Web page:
wife of Ephraim Senft ; Samuel S. ; Albert S. ;
Catharina, married to Daniel Wherly; Martin
S. ; Washington S. ; and Adam S.

Adam S. Hamm, father of Robert E.
Hamm, was born in North Codorus township
and was educated in the district schools. He
learned the trade of cooper, but did not fol-
low it long, as he soon became interested in
farming in North Codorus township, removing
in 1894 to his present place in Codorus town-
ship. He bought the old Aaron Heindel farm
of seventy-four acres of land, and has made
many improvements, erecting all the substan-
tial buildings and introducing good stock and
modem machinery.

Adam S. Hamm married Julia T. Krebs,
a daughter of George and Alice Ann (Tuffey)
Krebs, of Codorus township, and they have
one son, Robert E.

In politics Adam S. Hamm is a Democrat,
and he has served as judge of elections and as
school director in Codorus township for three
years, having filled the former office also in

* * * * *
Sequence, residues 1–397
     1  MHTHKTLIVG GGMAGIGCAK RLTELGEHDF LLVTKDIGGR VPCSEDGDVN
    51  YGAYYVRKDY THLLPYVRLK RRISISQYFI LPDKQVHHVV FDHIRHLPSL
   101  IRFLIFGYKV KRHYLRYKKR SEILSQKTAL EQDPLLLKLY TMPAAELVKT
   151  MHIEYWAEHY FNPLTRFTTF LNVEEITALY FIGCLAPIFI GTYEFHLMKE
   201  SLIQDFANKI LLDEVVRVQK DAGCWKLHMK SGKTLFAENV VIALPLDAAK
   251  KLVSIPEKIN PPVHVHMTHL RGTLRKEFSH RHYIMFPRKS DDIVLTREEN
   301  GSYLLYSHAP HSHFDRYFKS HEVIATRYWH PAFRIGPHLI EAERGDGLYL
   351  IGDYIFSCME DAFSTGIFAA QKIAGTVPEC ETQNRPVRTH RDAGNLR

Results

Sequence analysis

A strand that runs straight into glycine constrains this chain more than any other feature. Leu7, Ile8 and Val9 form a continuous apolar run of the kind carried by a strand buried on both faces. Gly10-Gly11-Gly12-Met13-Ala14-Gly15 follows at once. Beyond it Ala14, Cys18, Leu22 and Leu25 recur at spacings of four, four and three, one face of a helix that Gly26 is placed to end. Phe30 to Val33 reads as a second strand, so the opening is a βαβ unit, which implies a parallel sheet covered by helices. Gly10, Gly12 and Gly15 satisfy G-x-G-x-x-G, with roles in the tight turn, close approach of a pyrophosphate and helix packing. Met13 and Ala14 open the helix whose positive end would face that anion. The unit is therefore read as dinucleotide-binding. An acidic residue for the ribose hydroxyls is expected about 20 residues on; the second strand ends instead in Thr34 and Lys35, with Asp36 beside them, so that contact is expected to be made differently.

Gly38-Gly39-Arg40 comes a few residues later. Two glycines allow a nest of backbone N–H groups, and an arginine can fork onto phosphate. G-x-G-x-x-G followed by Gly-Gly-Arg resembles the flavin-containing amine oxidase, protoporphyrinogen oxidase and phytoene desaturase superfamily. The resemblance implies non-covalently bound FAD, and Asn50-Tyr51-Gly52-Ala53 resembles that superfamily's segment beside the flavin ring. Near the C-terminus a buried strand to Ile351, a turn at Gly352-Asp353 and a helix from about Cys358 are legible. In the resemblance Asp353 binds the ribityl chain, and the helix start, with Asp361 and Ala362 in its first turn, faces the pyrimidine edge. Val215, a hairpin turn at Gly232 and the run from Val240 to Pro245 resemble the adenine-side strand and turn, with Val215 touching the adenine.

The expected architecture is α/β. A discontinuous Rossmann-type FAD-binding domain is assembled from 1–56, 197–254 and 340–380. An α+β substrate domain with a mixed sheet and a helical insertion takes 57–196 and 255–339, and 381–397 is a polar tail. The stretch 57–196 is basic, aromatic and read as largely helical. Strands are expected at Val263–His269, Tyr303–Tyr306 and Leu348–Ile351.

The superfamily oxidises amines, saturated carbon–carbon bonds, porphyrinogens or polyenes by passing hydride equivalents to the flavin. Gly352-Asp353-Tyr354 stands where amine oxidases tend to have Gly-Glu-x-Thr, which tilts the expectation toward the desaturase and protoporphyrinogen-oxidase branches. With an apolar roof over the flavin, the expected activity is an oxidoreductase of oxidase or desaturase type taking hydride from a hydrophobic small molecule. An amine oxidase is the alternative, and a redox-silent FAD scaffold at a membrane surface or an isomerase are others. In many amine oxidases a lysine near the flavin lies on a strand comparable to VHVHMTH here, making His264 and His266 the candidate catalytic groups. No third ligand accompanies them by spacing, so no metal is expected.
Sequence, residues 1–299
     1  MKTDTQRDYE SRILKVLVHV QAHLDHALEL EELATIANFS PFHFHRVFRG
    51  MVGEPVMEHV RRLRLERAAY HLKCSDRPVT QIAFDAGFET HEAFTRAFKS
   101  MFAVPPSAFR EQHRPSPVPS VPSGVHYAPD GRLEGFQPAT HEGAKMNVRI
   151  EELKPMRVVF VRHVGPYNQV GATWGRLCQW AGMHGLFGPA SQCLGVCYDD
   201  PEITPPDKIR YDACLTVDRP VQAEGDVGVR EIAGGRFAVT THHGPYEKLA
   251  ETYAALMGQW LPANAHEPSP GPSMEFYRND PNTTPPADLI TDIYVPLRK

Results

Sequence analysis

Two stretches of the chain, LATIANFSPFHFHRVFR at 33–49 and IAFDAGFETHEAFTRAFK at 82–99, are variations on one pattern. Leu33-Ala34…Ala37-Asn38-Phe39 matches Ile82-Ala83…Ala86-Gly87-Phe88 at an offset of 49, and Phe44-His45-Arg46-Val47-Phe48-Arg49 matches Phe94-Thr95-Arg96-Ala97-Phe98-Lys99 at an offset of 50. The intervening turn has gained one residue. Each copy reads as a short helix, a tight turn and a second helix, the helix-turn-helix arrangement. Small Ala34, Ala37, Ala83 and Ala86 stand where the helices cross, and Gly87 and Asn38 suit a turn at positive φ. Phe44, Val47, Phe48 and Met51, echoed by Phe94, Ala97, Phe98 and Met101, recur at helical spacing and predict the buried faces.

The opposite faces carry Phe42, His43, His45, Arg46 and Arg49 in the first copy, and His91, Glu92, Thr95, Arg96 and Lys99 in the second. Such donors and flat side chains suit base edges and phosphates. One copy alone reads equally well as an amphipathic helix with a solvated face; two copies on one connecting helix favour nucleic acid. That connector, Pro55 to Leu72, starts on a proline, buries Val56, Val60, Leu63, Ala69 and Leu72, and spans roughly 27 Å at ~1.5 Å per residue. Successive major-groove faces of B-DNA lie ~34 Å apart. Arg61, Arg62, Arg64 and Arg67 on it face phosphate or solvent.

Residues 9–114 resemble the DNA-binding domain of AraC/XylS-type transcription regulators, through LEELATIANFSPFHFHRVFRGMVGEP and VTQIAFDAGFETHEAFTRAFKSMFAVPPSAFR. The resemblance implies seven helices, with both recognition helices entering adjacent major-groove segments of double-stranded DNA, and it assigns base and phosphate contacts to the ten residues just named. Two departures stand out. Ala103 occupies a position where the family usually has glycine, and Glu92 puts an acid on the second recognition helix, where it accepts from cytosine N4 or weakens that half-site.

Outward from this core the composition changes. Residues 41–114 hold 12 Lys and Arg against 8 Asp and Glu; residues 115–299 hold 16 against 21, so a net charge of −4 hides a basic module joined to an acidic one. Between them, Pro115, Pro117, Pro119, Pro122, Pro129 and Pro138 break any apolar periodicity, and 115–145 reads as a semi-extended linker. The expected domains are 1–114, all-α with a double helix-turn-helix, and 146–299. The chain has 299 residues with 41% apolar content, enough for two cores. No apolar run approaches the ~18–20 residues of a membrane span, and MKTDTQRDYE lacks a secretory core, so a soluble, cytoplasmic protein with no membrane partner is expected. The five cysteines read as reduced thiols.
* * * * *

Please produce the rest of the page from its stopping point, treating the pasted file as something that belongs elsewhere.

North Codorus township. The fact that this
office is usually delegated to a man of sterling
character in the community speaks well for his
standing in his locality. He is a member
of the Reformed Church and was formerly
one of the deacons.

Robert E. Hamm was educated in the
township schools of North Codorus and Co-



dorus townships and the grammar school of
Jefferson, spent three terms in the York Coun-
ty Normal School, and two terms at Glenville
Academy. Being thus well qualified, he began
teaching in 1898, making his entrance into
the profession at the Krebs school in Codorus
township. After one term he went to York
and entered the employ of his father-in-law,
George F. Saubel, who was then clerk of York
county, and remained there three years as dep-
uty clerk. In 1903 he resumed teaching at
the Sterners school in Codorus township and
is a very popular and successful educator.

Mr. Hamm was married to Anna C. Sau-
bel, a daughter of the former Clerk of the
Courts of York county, George F. Saubel, and
Lavina (Bricker) Saubel, of Codorus town-